The lead rapper of Heavy D and the Boyz whose fame reached heights in the late 80’s within rap was 44 and also enjoyed acting. He was last in the UK on October 8th performing alongside Janet Jackson at the Michael Jackson Tribute show in Wales.

With the news of boxer Joe Frazier dying announced yesterday, the world has lost two heavyweights in two days. Get some of Heavy D’s Don’t Curse tune featuring. Kool G Rap, Grand Puba, C.L. Smooth, Big Daddy Kane, Pete Rock and Q-Tip in your ears today and remember one of rap’s finest.

RIP

Crossfire Chronicles: The New Breed of Rap

Illustration by Matthew Bromley

newbreed_of_rap_chronicles

Thanks to the rise of blogs, there are so many rappers that have peppered the web in the past few years yet it’s nigh on impossible to keep track of them all. So we have decided to give you guys the heads up on rappers that are coming through that you definitely need to keep an eye and ear out for. Sometimes all it takes is that one track to hook you, getting you to press the rewind button so you can learn all the words straight away and sometimes it’s more of a slow burn, letting the music wash over you, submersing yourself into it before something clicks and you declare yourself a fan.

The list below is by no means gospel, but amongst all the names that you’ll be hearing sooner rather than later, there are some rappers who stand head and shoulders above the rest, and they can be found here. You won’t see any mention of the likes of Tyler the Creator or Jay Electronica because they’ve already grabbed the mainstream’s eye but hopefully there will be someone below that will get you interested!

So, without further ado, here is a list of the top five rappers you need to get into:

Abjekt.

1. Yelawolf

Yelawolf is certainly the best new rapper out there at the moment. He’s not hit the mainstream quite yet, but with the ink drying on his contract with Eminem’s Shady Records it can’t be fair off if the talent he showed on his Trunk Muzik mixtape [and it’s re-released with additional track half-brother Trunk Muzik 0-60] is anything to go by. He can switch up to double-time at the drop of a hat or he can run it slow like he does on Pop The Trunk below. Lazy journalists will no doubt refer to Catfish Billy as “The New Eminem” but pay no attention to that, he’d much rather rap about Chevys and getting drunk than murdering his Baby Momma. Alabama is well and truly on the map thanks to Yela. Get involved.

Top Tune: Pop The Trunk

2. Fashawn

Already one album down, Fashawn is working hard on mixtapes having recently released Higher Learning 2 and Grizzly City 3 before releasing his sophomore effort. The Fresno MC might not be the brashest of rappers, but his smooth flow and beat selection are top notch. His debut Boys Meets World featured production by Exile, who provided the perfect backdrop for Fashawn to go in over, from sunny melodies to songs about suicide. If he continues the way he’s going, like he has over J. Cole’s beats, there will be a hell of a lot more people smiling their way down the street. If the track below doesn’t get you bouncing, you’ve got no soul.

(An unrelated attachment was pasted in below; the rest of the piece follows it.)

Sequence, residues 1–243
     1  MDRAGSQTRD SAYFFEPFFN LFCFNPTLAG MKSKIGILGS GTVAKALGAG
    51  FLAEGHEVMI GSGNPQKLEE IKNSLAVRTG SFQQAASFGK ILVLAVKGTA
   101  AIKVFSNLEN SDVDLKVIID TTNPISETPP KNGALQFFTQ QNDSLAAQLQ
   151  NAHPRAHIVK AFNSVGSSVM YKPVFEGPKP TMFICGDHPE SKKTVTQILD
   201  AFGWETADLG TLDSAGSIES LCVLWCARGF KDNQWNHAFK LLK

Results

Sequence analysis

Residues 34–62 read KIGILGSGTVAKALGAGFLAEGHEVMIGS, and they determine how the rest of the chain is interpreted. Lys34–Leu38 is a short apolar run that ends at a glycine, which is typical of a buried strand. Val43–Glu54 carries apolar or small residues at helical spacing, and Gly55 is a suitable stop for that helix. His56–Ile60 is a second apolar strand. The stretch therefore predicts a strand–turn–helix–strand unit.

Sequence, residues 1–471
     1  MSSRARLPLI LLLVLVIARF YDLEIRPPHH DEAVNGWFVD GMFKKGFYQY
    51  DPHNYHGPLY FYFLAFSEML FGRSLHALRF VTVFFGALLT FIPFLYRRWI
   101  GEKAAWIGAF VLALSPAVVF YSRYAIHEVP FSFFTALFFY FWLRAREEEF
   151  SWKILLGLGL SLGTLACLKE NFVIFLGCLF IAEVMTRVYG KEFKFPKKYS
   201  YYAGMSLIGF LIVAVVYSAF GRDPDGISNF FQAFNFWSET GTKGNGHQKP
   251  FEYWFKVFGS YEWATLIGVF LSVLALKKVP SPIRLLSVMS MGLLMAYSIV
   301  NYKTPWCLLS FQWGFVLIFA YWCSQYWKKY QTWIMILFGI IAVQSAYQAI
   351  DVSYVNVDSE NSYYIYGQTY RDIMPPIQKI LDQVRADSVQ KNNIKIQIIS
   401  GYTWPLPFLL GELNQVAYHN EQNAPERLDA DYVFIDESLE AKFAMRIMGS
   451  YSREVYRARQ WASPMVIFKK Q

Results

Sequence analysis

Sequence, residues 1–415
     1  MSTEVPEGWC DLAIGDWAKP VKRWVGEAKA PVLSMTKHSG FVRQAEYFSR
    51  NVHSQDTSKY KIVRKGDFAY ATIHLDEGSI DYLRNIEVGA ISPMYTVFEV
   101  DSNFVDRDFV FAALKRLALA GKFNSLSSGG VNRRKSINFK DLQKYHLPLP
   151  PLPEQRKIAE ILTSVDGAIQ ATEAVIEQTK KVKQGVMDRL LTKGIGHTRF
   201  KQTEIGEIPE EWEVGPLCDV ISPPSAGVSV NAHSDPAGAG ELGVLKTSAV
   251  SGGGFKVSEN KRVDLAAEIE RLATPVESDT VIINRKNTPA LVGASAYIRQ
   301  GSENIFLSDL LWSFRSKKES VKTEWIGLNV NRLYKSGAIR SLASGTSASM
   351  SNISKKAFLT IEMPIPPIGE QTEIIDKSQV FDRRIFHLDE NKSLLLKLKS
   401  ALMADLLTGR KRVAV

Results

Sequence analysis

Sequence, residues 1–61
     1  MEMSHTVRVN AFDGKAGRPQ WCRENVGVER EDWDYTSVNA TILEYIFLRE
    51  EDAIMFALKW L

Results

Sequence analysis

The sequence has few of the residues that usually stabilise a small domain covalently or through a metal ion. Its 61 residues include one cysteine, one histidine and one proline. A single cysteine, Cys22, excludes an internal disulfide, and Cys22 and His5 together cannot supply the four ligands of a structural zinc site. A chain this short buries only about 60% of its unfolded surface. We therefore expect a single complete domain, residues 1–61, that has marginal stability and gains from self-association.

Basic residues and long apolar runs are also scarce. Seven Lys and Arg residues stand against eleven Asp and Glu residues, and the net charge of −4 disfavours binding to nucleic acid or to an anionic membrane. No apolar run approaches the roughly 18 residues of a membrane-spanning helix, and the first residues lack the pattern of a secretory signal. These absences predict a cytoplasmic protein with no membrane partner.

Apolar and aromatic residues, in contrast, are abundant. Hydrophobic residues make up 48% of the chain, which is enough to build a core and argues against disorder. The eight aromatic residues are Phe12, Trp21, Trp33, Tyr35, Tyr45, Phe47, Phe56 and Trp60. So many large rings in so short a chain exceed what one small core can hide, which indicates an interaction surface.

Top Tune: Samsonite Man f. Blu

3. Phil Ade

Maryland’s Phil Ade has burst onto the scene in the past couple of years through his stellar Starting on JV and The Letterman mixtapes, showcasing his ability to rap over a diverse selection of beats before his Twitter-friendly #PhilAdeFriday tracks, which were released for free through the social networking site every Friday came to prominence at the start of 2011. He’s now put them into a mixtape of their own, with some tracks featuring him rapping over famous beats from the likes of Ice Cube and Mobb Deep and will be dropping his new album A Different World on July 12th. Check out the track below for some early LL Cool J influenced shit.

Top Tune: Always There

4. TiRon

LA’s TiRon is another rapper who gives the listener a big beaming smile, he just seems to be having so much fun when he raps and it’s that infectious positivity that grabs the listener. From songs declaring his love for food or trainers to tracks discussing the importance of having a Wingman when trying to bag a chick at a party, TiRon [and his running mate Ayomari] delivers perfect call-and-response style tracks which bump along nicely whether you’re in the mood to get hype or whether you want some beats playing whilst you’re cleaning your flat. The track below is a perfect example of what to expect from the guy that brought the world his MSTRD and Ketchup mixtapes as well as T&A, the prelude to the debut album Sucker For Pumps which is a collaborative effort with Ayomari.

Top Tune: What You Waitin’ On f. Ayomari

5. Stalley

Ohio rapper Stalley could have been a high-standard basketball player before injuries curtailed his sporting career. But the NBA’s loss is hip hop’s gain. He has got a fantastic flow, progressing from a backpacker delivery to straight up fire and back again with consummate ease and his beard shouldn’t be underestimated. His latest mixtape Lincoln Way Nights (Intelligent Bass Music) is the best example of why he’s such a competent and impressive MC, showing his dexterity over a number of different styles whilst all the while maintaining his own voice across the entirety of the 16 tracks. Check out Hercules below, the beat will get you immediately and once that’s hooked you’re in.